Redfern restaurant Bush celebrates native Australian ingredients. But among dishes championing Illawarra plum, pepperberry and wattleseed, you’ll also find introduced species like deer, rabbit and boar.
“You could say it’s native food proliferation and invasive food obliteration,” says owner Grant Lawn. “We use invasive food like rabbits and boar as a resource that’s there, and also negatively affecting the bush, so we want to eliminate it. It’s also delicious.”
Lawn’s toastie recipe here leans on a ragu of pork which you can easily find in supermarkets or at the butcher, though his personal preference is to use wild boar : an introduced species that’s culled to reduce numbers, but chefs like Lawn would much rather see them on the plate, where their dark, lean and rich meat is perfect for slow-cooked dishes like a ragu. Sourcing boar is tricky though, so Lawn recommends using pork shoulder at home.
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The ragu recipe is straightforward enough, but Lawn has a couple of tips for getting a real depth of flavour. “The main thing is cutting the meat up in advance, salting it [and] putting it on a rack in the fridge uncovered so you’re kind of salt-curing.”
Then, it’s all about taking your time, particularly when browning the meat. “What you’re doing is trying to develop flavour, so getting a really good crust on two sides of the pieces. Once it’s down [on the pan], don’t turn it till it’s coloured properly, don’t play around with it.”
The final ragu tip is textural. Once it’s cooked and cooled (it should take about five hours), you’ll want to gently bring it to a smoother texture. “You could use a spoon or a fork, and you’re kind of pulling the meat. You’re breaking down the pieces of [pork] and bringing the sauce and the meat together, creating a nice, homogeneous mixture,” Lawn says.
Your first instinct might be to serve the ragu with pasta or in a pie, but the mix of meat, passata and aromatics is matched well with crusty white sourdough in a toastie.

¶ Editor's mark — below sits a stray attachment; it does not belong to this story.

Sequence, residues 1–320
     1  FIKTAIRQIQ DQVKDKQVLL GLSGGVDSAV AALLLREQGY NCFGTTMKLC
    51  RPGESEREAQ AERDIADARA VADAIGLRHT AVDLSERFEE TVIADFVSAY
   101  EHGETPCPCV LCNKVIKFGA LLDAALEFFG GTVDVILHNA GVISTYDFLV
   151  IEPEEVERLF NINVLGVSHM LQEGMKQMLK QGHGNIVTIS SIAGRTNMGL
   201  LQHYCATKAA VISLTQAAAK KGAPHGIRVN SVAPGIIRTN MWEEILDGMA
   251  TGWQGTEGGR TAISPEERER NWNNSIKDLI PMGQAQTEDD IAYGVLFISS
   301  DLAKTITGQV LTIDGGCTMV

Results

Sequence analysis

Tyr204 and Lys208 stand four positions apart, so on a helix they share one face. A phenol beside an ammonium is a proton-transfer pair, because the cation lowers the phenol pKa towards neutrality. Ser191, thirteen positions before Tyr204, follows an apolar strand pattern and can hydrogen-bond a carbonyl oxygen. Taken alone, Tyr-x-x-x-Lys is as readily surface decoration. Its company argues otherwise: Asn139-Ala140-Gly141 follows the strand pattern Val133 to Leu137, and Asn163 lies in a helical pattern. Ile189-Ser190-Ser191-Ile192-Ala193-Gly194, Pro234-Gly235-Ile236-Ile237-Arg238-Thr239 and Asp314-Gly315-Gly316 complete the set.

It doesn’t need all that much, either: good bread, flavourful cheese and that slow-cooked ragu make a sum greater than its parts. The cheese that Lawn uses isn’t a prerequisite, but it’s worth finding.
“Scamorza is smoked mozzarella,” he says. “You can really use any cheese you want that’s available to you, but I think the smoked mozzarella is really nice with it and it has a really nice melty quality – it’s really stretchy.”
To put it all together, all you need to do is assemble and fry in a well-oiled pan, putting a little pressure on the sandwich as it cooks. “You’re just doing what a sandwich press would do – you’re pressing it down and bringing it all together,” Lawn says. “And then you’re flipping it. You can open it as well and see if the cheese has melted. There’s nothing worse than getting a toastie and there’s still cold cheese in the middle.” Once the cheese is melted, serve with a little chilli oil drizzled over the top.
Grant Lawn’s pork ragu, smoked mozzarella, chilli oil toastie
Serves: 30+ for the ragu; multiple sandwiches depending on how much bread and cheese you have
Prep time: 30 mins (and 24-hour curing)
Cooking time: 5 hours*
2-3kg pork or wild boar shoulder
Clarified butter, as needed
500ml dry white wine
½ bunch celery
½ head garlic
Olive oil, as needed
Salt, to taste
5 bay leaves
Black pepper, to taste
Toastie (per each)
2 slices of Abbott’s Bakery sourdough white
Pork or wild boar ragu
Scamorza (smoked mozzarella) or regular mozzarella
Cooking fat of choice
To start the ragu, cut the pork shoulder up into golf ball-sized pieces. Pat dry with paper towel, then salt and place on rack with container underneath. Store in fridge for up to 24 hours. Drying the meat will help form a good crust.
In a thick-bottomed pot, Dutch oven or casserole pot, use clarified butter or any other high-heat fat to brown the meat (be careful not to crowd the pan; cook in batches if necessary).
Set cooked meat aside, deglaze the pan with wine, then pour over the pork.
Finely dice the carrots, onions, celery and garlic into small pieces to make a soffritto. Add soffritto to the pot with olive oil, salt it and cook until translucent.
Add pork back in and top with water (until a few inches above the mix in the pot). Cook on low, skimming off any fat that rises to the top.
After an hour (making sure you’ve skimmed the mix well), add passata and bay leaves to the pot. Cook for 4 to 5 hrs, tasting to check the flavour is good and meat is tender. Add salt and pepper to taste.
When the mix is cool enough, shred the meat into the sauce and remove bay leaves (using gloved hands is the most efficient way). You now have a delicious, simple and authentic ragu.
To make a single toastie, spoon and spread a generous amount of ragu on one slice of Abbott’s Bakery sourdough white. Top with smoked mozzarella or equivalent, then cover with second slice of sourdough.
Using your preferred fat, cook in pan, pressing down on the toastie with a spatula to bring the toastie together. Cook until there’s good colour on the bread and cheese is melted.
Finish with a drizzle of chilli oil.
This article is produced by Broadsheet in partnership with Abbott’s Bakery.